And yet, I am. Every now and then a reminder pops up in one place or another. A reminder of my less-than-awesome self, from a less-than-awesome time of my life; a woman that I barely recognize anymore. A woman who wandered off into sad, lonely territory, who lost her way, and herself. I usually try to push those reminders away; after all, nobody enjoys a spotlight being put on our lesser selves.

It took me a long time to put the woman that I once was behind me. I still see her lurking in the shadows some days. I’m not perfect. I don’t always make perfect choices. I’m not always easy to love. Some days I am weak and selfish and downright broken.

But we all have those days. Now that I am more close to being the person I always wanted to be, the more I am able to forgive those less-than-awesome days, and the more I am able to forgive myself for that particular time in my life when a string of less-than-awesome days slid into a less-than-awesome year.

This morning I realized that those reminders are actually a good thing. They allow me to see how far I’ve come, and more importantly, they remind me of where I never want to go again. Because even though that “old Sunshine” might lurk in the shadows now and again, I’m not that person anymore. We all need those little nudges from time to time to keep us heading in the right direction…and to help us be grateful for where we are.

On this day eight years ago, I was a shadow of a woman, desperately looking for something in all the wrong places.

But on this day – today – I hit the ‘delete’ button with a smile…thankful for the reminder, but realizing that having it hanging around wasn’t going to do me any good. I need to keep moving forward. I’ve found my ‘something’. And the beauty of it is that it was in me all along.

Thanks for the reminder.


Lessons From a Year Long Running Streak

So…as I wrote about last week, I recently completed a year-long running streak. (And felt like a certain fictional character in the process). I’ve been thinking about this accomplishment of mine a fair bit these past couple of weeks; specifically about the lessons that I learned during the process.

So what did my year long run streak actually teach me? I have thought long and hard about this question and have come up with three very important points. I have definitely learned other lessons as well, more personal ones, but these are the main three that I think a lot of people (runners or not) can relate to.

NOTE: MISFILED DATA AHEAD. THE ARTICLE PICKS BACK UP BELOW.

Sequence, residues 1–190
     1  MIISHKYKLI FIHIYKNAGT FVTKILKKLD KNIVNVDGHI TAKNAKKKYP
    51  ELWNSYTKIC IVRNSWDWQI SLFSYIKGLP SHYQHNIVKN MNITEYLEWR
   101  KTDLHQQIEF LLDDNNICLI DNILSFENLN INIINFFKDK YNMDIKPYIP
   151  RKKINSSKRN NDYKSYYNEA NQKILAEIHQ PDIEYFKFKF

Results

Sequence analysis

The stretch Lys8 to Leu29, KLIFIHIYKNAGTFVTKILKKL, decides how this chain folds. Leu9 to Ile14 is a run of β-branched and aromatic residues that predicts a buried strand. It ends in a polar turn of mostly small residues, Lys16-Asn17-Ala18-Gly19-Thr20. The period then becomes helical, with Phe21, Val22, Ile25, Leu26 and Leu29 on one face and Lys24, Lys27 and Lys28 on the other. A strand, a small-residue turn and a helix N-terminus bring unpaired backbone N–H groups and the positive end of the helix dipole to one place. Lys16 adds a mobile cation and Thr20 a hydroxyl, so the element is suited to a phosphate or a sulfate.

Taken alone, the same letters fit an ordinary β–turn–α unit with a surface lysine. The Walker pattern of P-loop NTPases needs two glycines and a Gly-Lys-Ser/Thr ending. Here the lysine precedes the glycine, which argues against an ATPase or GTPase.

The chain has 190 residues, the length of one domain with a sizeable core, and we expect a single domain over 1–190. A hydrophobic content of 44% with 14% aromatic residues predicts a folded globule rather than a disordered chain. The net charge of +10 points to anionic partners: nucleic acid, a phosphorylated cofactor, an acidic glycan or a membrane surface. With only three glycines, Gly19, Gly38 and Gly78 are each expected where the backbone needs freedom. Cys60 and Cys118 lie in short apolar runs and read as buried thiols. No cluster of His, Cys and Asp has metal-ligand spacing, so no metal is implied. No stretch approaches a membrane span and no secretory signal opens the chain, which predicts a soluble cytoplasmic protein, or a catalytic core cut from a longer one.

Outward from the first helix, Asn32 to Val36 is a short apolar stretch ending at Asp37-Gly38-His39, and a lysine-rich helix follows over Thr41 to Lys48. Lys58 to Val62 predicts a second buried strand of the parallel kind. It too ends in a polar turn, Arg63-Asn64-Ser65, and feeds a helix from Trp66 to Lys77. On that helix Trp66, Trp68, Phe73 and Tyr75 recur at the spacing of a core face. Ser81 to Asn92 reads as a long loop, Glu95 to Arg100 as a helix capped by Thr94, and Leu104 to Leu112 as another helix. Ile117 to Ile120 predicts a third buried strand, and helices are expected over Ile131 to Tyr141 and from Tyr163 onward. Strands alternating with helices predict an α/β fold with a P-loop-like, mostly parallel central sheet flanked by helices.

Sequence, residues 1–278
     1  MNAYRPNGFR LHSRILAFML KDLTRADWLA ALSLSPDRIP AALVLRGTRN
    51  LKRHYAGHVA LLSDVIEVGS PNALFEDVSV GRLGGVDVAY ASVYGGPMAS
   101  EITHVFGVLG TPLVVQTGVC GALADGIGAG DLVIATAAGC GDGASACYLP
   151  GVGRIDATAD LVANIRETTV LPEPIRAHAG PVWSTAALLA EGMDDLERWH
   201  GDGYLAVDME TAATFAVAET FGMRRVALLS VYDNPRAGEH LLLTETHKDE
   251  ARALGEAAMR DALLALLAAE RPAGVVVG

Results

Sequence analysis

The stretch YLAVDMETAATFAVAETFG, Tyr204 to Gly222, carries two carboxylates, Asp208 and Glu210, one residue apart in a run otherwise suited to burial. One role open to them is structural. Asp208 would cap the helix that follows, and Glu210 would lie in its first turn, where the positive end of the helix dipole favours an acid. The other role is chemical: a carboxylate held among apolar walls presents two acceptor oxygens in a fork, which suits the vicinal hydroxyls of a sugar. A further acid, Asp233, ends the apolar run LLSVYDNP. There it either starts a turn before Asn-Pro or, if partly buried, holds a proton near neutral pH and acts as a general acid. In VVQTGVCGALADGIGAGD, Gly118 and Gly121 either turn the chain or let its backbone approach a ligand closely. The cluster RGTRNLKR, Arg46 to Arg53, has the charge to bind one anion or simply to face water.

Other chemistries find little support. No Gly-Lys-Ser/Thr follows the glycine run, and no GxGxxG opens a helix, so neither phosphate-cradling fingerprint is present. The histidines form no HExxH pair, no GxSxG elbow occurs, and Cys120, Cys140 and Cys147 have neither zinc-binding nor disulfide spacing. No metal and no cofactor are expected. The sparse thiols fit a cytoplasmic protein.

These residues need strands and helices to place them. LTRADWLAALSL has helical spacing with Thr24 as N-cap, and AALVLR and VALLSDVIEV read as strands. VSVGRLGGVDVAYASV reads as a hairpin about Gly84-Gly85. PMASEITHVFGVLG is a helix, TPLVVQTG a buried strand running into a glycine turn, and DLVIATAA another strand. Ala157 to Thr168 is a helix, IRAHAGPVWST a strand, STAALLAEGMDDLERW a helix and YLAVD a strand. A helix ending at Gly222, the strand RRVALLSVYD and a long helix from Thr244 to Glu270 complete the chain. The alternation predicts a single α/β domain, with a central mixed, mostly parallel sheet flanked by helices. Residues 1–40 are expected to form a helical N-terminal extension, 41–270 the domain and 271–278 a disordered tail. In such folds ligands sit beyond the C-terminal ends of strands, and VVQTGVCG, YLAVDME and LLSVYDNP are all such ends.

1. There are very few legitimate excuses for not getting exercise.

For years I struggled with getting myself out there to run. I grabbed onto any excuse I could find — it was too hot, too cold, too rainy, too snowy. I was too tired, too busy, too sore, too stressed out. Here’s the thing I’ve learned about excuses. If you go looking, you can always one. The truth is, though, there aren’t very many real, legitimate reasons for not getting exercise. Period.

Now, I’m not saying that everyone needs to go on a year-long running streak, not at all. But whatever your chosen activity is, and whatever your weekly goals are, you have very few excuses for not meeting them. The simple fact is, if something is important enough to you, then you need to make it a priority in your life, and you need to make it happen. Period.

Excuses are lame. Don’t be lame.

2. Running is much more a mental game than a physical one.

Sure, there’s a certain amount of physical ability required to run (or do any kind of exercise), but the truth is that it is someone’s mental fitness that determines how successful their exercise goals will be. Not only do you need to work on training your body, it’s also important to work on training your mind. It takes a special kind of focus to be able to lose yourself mentally so that you’re not thinking about every single step on a 5 or 10 km (or longer) run. If you can’t do that, then running is going to truly suck. And if it sucks, then you’re not going to keep doing it.

3. Goals are essential.

My goals changed over the course of the year. At first it was just to run as many days in a row as possible. And then, as certain milestones began approaching, I would promise myself to meet them and see how I felt after that. As I was getting up do day 80-something, I made a deal with myself to hit at least day 100. Then as I was around to day 140-ish, I knew I wouldn’t stop until I hit 150. I’m just not the kind of person to willingly quit a streak on day 167. Or 172. I just can’t do that. And then, of course, as day 365 began getting closer and closer, I knew I wanted that to be my next goal.